To solidify this conclusion, I continued my investigation by calculating how much the variations in the La Niña sea surface temperature pattern contribute to the variations in Southwest U.S. December–January precipitation in the SPEAR simulations. I first averaged the 30 simulations for each of the 21 La Niña winters, giving me 21 precipitation outcomes. These represent the range of variation when the only thing we’re taking into account is “it’s a La Niña winter.” Then, for each of those 21 years, I looked at the range of outcomes across the 30 simulations, thus including the chaotic, unpredictable weather variability. My conclusion: the chaotic weather variations are about 14 times more important than the variations in La Niña amplitude or flavor for Southwest U.S. precipitation, which is consistent with the figure above. (Head to footnote 6 for all the gory math details.)
That doesn’t mean that the different flavors of La Niña cannot be important for Southwest U.S. precipitation, and it’s worth trying to better understand the simulated La Niña precipitation variations. Even modest variations could tip the scale toward wetter or drier conditions in a particular winter. But if these big picture findings hold up to further scrutiny, then it means that the typical or averaged La Niña precipitation pattern still may be the most reliable guide for seasonal predictions of Southwest precipitation in early winter, but we may have to rely on subseasonal and weather forecasts rather than seasonal outlooks to anticipate the sort of soaking that occurred in December and January of this winter.
All good scientific studies note their limitations, and this analysis carries some caveats that are familiar to most climate scientists. Because the observed record is too short to tease out the relationships we seek with sufficient precision, we rely on climate models to sharpen the signal relative to the noise of random weather variability. Although such climate models are rather sophisticated and reliable, they are imperfect. We cannot rule out the possibility that the model is missing some sort of predictable connection between a particular “flavor” of La Niña sea surface temperatures and Southwest precipitation. I did just one set of analyses focused on one particular region with one climate model, and that’s why I stated up front that this is just the start of the conversation. That means that this post is definitely not the last word on this topic!
- It’s interesting to note that the La Niña dry signal over the Southwest U.S. appears to be a little more robust in February-March than December-January, as 15 of the 21 events classified as La Niña in December-February had drier-than-average conditions in February-March. Even the wettest December-January event before this year, 1955/56, was drier-than-average in February-March, demonstrating that a wet early winter doesn’t necessarily mean a wet late winter. I saw this same behavior in my analysis of the SPEAR climate model simulations, which increases confidence that this more robust dry signal in February-March is a real phenomenon.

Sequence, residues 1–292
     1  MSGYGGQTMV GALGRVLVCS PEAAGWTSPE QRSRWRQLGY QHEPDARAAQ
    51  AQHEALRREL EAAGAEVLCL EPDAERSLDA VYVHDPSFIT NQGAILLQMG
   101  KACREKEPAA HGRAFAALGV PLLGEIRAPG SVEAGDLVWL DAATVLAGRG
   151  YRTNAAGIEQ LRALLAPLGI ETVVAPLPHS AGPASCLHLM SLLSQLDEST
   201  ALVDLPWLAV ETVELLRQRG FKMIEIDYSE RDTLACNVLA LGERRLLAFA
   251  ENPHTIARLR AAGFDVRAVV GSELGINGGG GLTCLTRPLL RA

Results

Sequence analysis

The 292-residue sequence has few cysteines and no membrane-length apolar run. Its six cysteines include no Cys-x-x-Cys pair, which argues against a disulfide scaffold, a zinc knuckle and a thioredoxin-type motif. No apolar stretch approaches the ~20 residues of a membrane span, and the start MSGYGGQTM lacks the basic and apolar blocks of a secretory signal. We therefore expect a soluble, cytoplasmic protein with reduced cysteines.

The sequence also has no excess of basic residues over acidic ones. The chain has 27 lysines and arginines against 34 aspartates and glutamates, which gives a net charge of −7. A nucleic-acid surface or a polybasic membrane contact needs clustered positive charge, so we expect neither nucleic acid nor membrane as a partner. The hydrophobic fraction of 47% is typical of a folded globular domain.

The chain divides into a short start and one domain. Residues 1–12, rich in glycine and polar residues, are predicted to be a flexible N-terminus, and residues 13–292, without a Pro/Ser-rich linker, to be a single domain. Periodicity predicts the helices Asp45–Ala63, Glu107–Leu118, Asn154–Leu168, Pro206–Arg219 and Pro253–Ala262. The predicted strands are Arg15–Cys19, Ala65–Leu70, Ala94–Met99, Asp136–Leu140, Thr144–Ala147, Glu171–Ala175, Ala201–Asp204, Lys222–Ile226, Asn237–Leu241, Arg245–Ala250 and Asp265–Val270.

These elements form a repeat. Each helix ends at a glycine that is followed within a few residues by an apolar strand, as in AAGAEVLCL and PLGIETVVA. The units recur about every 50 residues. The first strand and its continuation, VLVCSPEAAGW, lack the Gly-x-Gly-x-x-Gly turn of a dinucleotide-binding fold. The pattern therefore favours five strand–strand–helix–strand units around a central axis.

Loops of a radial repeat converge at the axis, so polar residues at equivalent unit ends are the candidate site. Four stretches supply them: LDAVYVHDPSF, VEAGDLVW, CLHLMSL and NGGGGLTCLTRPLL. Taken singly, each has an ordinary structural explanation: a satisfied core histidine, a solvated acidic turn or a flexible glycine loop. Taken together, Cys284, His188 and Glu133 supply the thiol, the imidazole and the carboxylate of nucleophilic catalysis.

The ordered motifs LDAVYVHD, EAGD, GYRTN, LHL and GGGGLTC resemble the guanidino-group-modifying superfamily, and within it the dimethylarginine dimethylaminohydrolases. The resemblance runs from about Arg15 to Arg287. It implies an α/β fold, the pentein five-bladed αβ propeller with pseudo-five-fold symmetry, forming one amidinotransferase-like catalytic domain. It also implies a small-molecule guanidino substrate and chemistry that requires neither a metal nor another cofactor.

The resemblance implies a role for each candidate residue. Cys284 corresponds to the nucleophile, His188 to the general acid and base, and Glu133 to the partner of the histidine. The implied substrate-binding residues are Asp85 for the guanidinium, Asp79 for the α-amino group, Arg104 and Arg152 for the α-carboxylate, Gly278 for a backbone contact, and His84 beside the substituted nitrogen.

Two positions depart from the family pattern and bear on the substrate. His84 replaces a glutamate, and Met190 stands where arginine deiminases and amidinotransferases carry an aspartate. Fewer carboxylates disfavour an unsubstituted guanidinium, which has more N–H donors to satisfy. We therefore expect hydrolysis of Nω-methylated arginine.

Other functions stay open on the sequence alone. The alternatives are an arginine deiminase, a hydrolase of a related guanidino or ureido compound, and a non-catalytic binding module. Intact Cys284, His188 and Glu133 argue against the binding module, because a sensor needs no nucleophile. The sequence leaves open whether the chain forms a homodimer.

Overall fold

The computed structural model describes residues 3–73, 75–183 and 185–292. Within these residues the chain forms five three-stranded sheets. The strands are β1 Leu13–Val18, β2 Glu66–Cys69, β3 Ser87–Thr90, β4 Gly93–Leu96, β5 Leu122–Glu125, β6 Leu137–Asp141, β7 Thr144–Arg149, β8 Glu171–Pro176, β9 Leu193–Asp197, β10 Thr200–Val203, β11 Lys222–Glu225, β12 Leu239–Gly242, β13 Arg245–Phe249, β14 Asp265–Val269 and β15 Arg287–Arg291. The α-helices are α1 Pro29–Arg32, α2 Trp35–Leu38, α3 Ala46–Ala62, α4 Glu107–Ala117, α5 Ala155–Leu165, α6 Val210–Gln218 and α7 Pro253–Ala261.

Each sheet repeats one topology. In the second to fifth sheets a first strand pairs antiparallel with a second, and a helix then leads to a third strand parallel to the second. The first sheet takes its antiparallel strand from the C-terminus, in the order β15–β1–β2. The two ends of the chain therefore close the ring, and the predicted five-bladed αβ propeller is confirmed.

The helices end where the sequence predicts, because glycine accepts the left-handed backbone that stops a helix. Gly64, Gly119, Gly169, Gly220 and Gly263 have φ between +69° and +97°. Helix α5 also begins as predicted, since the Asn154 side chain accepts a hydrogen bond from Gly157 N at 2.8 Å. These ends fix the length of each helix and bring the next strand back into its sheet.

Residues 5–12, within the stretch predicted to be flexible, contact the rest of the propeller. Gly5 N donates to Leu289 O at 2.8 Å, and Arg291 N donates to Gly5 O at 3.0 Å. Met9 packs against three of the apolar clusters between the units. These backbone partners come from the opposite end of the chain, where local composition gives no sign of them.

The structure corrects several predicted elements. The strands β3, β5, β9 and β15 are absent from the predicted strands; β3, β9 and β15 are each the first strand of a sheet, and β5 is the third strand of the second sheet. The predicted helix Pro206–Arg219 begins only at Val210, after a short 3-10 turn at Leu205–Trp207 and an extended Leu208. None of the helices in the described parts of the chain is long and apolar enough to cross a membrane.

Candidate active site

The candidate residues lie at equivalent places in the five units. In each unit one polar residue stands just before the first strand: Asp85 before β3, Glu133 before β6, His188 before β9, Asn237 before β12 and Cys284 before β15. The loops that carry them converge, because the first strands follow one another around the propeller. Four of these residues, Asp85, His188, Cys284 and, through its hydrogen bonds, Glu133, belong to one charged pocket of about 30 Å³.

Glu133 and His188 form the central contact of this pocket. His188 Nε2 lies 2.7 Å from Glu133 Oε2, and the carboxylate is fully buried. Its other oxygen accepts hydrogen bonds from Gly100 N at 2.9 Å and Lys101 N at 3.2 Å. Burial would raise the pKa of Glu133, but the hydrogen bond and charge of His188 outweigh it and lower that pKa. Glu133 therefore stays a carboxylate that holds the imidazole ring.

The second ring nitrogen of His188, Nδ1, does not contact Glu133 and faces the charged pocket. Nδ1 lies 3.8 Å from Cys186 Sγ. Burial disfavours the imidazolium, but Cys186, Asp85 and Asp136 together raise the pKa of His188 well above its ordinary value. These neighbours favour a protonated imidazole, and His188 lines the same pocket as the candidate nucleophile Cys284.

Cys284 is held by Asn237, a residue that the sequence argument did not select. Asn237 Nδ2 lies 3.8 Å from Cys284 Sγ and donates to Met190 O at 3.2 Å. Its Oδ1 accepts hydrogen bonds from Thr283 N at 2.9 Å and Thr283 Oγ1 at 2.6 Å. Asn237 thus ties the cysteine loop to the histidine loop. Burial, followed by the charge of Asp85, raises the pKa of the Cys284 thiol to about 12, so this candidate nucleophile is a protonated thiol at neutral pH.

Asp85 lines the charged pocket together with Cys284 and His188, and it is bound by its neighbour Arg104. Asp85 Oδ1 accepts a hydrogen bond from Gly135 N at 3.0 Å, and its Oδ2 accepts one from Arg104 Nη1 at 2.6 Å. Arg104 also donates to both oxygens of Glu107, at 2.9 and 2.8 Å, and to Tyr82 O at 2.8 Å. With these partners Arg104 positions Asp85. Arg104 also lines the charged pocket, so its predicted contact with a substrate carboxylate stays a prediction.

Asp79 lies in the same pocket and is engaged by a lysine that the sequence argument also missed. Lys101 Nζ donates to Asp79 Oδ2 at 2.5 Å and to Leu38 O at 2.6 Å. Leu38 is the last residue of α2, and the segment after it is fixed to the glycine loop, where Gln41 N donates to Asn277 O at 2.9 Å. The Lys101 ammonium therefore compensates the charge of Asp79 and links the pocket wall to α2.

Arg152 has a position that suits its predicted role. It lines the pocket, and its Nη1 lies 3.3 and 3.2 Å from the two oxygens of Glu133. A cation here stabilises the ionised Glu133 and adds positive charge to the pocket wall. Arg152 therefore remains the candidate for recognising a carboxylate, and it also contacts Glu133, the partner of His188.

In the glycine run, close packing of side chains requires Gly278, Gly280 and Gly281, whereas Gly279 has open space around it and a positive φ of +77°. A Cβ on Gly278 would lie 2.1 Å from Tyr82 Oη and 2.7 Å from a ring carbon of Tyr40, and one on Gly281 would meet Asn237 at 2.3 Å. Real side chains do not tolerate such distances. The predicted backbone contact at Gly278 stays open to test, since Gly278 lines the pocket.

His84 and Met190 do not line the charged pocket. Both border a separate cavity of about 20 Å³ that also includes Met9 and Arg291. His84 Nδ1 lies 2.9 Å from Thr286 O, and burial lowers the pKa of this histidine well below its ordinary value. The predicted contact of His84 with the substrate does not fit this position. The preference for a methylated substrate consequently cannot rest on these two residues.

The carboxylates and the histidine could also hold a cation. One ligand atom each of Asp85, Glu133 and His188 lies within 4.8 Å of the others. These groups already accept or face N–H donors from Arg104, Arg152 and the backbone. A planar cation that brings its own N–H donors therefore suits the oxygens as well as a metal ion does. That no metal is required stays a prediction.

- For completeness, I will mention that there are other potential sources of seasonal predictability, such as stratospheric, cryosphere, land surface or radiative forcing variations, but sea surface temperature variations generally are the most important.
- This procedure of ensemble averaging is the same procedure we perform with seasonal forecast models. The difference here is that we are not identifying a forecast signal, but instead we are trying to isolate the effects of the sea surface temperature pattern on the climate, i.e., the effects of La Niña on southwestern U.S. precipitation in this example.
- I don’t want to be guilty of self-promotion, but I recently published a paper that demonstrates that SPEAR does pretty well at simulating the historical impacts of El Niño and La Niña.
- If we were to zoom into the tropical region, where sea surface temperatures have the greatest global climate impact, we would see some sea surface temperature differences of up to 0.2° C in the tropical Pacific and Indian Oceans. It’s conceivable that such differences could influence precipitation in the Southwest U.S., but these differences are much smaller than the amplitude of the largest average La Niña tropical Pacific sea surface temperature anomalies, which approach 2° Therefore, it is difficult to see how such small sea surface temperature differences could have an influence that is comparable with the average La Niña influence. My calculation that follows confirms this suspicion.
- If you’re wondering what sort of calculations led to this conclusion, then I will give you all the details here. I’m basically doing a signal versus noise calculation. The signal of interest is Southwest U.S. precipitation variations due to the sea surface temperature variations during all La Niñas. To determine this signal, I first calculated the average of the December-January Southwest U.S. precipitation across all 30 ensemble members for each La Niña. This results in 21 values covering all historical La Niñas during the period for which the noise of chaotic weather variability has been largely averaged out. Therefore, the variations among these 21 ensemble-averaged values, quantified as a standard deviation of 0.194 mm/day, largely reflect the effects of the different sea surface temperature patterns among the 21 La Niñas. Technically, this value also will reflect, in part, the increases in greenhouse gas increases in the simulation, but this effect on precipitation is relatively small.Next, I tackled the noise part of the calculation, which represents the Southwest precipitation variations that are unrelated to the sea surface temperature patterns. This is calculated as the deviation of the 30 ensemble members from the average for each individual La Niña event, and so I wind up with a total of 630 deviations from the ensemble average that capture precipitation variations resulting from the uncertainty in the initial conditions, i.e., chaotic weather variability. The standard deviation of this set of values is 0.725 mm/day.The signal-to-noise ratio is typically calculated as a ratio of variances, which are the squares of the standard deviations. I follow that convention here, though I’m really calculating the inverse, meaning the noise-to-signal ratio. When we plug those values in, we get (0.725)2/(0.194)2 = 14, which is why I conclude that chaotic weather variations are about 14 times more important than the variations caused by sea surface temperature variations for December-January Southwest U.S. precipitation during La Niña events. The exact value may change depending on what metric you use, but the overall conclusion shouldn’t change.